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Home > Behavioural cue reactivity to alcohol-related and non-alcohol-related stimuli among individuals with alcohol use disorder: an fMRI study with a visual task.

Fukushima, Shou and Kuga, Hironori and Oribe, Naoya and Mutou, Takeo and Yuzuriha, Takefumi and Ozawa, Hiroki and Ueno, Takefumi (2020) Behavioural cue reactivity to alcohol-related and non-alcohol-related stimuli among individuals with alcohol use disorder: an fMRI study with a visual task. PLoS ONE , 15 , (7) , e0229187. https://doi.org/10.1371/journal.pone.0229187.

URL: https://journals.plos.org/plosone/article?id=10.13...

Patients with alcohol use disorder (AUD) have difficulty controlling their alcohol cravings and thus exhibit increased use and early relapse. Although patients tend to respond more strongly to alcohol-related images than to non-alcohol-related images, few researchers have examined the factors that modulate cravings. Here, we examined whole-brain blood oxygen level-dependent (BOLD) responses to behavioural cues in individuals with AUD and in healthy controls (HCs).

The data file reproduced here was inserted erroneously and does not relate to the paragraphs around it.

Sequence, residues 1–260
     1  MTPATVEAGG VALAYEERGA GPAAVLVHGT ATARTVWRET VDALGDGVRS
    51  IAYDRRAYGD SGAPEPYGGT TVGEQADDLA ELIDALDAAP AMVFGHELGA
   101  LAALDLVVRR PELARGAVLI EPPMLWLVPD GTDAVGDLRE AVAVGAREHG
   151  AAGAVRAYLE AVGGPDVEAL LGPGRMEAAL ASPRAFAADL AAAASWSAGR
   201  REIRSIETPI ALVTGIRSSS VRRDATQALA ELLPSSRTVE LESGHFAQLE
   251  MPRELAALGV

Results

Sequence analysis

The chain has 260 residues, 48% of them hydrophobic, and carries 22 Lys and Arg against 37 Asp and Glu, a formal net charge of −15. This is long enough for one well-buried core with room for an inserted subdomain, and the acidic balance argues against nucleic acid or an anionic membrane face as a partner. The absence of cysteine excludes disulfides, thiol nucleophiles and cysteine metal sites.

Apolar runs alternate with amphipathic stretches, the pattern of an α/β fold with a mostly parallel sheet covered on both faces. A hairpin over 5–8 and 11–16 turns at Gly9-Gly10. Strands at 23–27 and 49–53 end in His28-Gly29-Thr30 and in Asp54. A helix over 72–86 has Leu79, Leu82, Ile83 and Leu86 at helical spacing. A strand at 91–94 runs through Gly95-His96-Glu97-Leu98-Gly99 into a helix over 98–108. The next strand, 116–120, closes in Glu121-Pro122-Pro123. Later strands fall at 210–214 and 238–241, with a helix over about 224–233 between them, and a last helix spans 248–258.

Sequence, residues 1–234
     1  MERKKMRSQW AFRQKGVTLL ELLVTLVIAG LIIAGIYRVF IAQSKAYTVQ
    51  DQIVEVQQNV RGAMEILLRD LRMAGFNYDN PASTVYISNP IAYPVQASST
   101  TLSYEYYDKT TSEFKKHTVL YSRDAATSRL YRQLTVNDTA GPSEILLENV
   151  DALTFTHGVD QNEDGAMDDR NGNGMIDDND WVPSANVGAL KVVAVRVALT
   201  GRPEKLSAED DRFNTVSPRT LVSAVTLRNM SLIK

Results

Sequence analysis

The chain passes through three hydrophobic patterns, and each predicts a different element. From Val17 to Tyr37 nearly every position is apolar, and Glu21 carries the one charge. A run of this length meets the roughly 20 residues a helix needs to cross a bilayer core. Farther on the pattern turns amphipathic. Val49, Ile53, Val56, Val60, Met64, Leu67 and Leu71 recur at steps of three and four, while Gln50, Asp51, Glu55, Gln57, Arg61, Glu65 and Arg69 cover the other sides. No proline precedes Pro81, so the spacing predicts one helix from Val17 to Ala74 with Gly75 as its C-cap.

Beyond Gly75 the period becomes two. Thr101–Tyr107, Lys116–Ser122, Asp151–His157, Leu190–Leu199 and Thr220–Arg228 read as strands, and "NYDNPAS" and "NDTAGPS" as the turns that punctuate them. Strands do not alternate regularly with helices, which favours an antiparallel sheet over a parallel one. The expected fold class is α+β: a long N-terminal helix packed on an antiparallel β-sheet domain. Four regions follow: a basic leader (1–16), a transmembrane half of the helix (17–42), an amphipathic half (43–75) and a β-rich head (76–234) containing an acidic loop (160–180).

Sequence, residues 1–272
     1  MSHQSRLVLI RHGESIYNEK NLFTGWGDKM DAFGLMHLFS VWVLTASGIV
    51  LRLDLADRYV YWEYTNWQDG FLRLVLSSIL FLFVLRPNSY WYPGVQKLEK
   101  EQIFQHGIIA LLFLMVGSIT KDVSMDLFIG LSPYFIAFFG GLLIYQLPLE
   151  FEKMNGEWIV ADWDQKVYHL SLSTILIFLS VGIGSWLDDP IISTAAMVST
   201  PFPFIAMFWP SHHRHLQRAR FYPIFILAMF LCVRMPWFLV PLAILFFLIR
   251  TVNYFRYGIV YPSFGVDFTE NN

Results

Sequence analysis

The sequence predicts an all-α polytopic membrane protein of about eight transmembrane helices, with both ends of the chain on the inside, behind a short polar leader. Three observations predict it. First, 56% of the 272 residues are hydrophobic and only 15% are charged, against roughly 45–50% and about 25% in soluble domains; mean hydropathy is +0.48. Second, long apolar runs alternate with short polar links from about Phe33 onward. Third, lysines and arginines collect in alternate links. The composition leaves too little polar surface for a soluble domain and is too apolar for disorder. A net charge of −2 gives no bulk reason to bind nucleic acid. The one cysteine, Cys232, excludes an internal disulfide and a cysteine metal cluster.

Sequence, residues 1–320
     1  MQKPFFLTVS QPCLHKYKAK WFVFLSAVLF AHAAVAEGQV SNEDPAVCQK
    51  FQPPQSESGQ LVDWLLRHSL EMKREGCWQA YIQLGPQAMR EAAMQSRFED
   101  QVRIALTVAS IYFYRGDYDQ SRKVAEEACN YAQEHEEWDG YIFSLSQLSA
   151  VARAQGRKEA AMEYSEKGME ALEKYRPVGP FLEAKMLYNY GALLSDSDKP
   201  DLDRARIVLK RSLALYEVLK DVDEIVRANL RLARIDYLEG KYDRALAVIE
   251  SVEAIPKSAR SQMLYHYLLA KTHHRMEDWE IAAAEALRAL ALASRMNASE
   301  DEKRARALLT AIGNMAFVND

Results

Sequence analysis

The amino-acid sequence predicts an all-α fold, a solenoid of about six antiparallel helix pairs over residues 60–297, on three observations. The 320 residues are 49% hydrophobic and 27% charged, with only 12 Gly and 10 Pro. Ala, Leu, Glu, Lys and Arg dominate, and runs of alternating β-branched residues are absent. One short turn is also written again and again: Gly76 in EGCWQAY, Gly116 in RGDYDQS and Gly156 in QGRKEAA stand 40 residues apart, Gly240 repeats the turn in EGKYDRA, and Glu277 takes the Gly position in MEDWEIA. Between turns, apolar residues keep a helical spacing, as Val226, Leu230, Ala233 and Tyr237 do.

The participants included 24 patients with AUD and 15 HCs. We presented visual cues consisting of four beverage-related images (juice, drinking juice, sake, and drinking sake), and the cue reactivity of AUD participants was contrasted with that of HC participants. Multiple comparisons revealed that the AUD group had lower BOLD responses than the HC group in the left precuneus (p = 0.036) and the left posterior cingulate cortex (PCC) (p = 0.044) to images of drinking juice and higher BOLD responses than the HC group in the left PCC (p = 0.044) to images of drinking sake. Furthermore, compared to the HCs, the AUD patients had decreased BOLD responses associated with cue reactivity to drinking juice in the left precuneus during the periods from 15 to 18 s (p = 0.004, df = 37) and 18 to 21 s (p = 0.002, df = 37). Our findings suggest that HCs and AUD patients differ in their responses not to images of alcoholic beverages but to images related to alcohol-drinking behaviour. Thus, these patients appear to have different patterns of brain activity. This information may aid clinicians in developing treatments for patients with AUD.


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